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A New Study Proves That When Money Talks, Congress Listens

J. Mijin Cha

In theory, Congress should pass laws and legislation (which hit a record low in 2013)—and in a representative democracy, its members should listen to constituents and reflect their concerns and priorities. Yet we’ve shown how Congress prioritizes and advances the priorities of the affluent and corporate interests, even when they run counter to the vast majority of Americans. And now, new research shows that members of Congress and their staff hardly ever meet with constituents, let alone advance their priorities, and your chances of getting a meeting are much greater if you are a donor.

Researchers from Yale and U.C. Berkeley conducted a field experiment where they attempted to schedule meetings with 191 members of Congress. To test whether campaign contributions led to increased access, the experiment randomly assigned whether it would inform the legislators’ offices that those seeking the meeting were campaign contributors or simply local constituents. The results are shown below.

The results are telling for several reasons. One, the majority of attempts to meet with a legislator or senior staff are unsuccessful. Congressional members and staffers are not meeting with local constituents or local donors so how are they hearing about their concerns and priorities? Second, while still low, your chances of meeting with senior staff or the legislator are far better if you are a donor.

The implications of this study are significant. If Congressional members and their staff are not meeting with constituents or local donors, with whom are they meeting? Lobbyists and special interests seem a likely candidate. Currently, over $3 billion is spent on lobbying and the 12,279 registered, active lobbyists are meeting with someone. Interestingly, you are more likely to meet with district staff if you are just a constituent than if you are a donor.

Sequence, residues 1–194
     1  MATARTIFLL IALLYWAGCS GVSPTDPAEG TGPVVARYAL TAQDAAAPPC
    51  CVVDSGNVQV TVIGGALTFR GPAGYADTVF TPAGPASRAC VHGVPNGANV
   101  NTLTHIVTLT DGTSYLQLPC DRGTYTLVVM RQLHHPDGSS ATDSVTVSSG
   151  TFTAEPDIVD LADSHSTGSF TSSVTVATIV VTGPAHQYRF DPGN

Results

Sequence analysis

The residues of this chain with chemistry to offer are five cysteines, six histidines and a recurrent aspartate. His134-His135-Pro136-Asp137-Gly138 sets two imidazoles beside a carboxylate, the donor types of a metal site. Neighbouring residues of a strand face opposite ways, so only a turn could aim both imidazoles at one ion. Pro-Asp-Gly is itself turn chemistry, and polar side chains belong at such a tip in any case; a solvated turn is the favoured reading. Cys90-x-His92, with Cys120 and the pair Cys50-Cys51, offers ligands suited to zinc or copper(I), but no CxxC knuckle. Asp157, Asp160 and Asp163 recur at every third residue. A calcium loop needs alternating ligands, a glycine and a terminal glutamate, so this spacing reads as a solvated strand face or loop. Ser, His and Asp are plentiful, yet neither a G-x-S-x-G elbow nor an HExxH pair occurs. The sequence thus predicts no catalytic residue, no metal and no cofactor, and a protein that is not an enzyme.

The study also underscores what has become all too clear: money in politics is corrosive to our democracy. Legislators are in the position where their elections are becoming more and more expensive so they are forced to continually fundraise. This pressure likely explains why they are more willing to meet with donors, and in turn, also means that money buys you access.

And, access to legislators matters because they act on what they see are pressing issues and priorities. With affluent and corporate interests dominating the conversation, millions of Americans continue to struggle. For example, the U.S. Chamber of Commerce spends millions of dollars lobbying every year—over $74 million last year alone. One of their strongest oppositions is to raising the federal minimum wage. As a result, Congressional action to raise the minimum wage has been absent and, in real terms, the minimum wage is lower now than it was in 1968.

There's an antidote to all this money poisoning our system. Public financing amplifies the voices of small donors and gives candidates an alternative to only listening to big money. At the federal level, the Government by the People Act would match small donations and create People PACs that would aggregate the voices and power of ordinary citizens. Connecticut’s experience shows that once public financing was adopted, more people were brought into the electoral system and the legislature began passing policies that helped working and middle class families.

We should remember that Congress works for us. It’s time they started acting like it.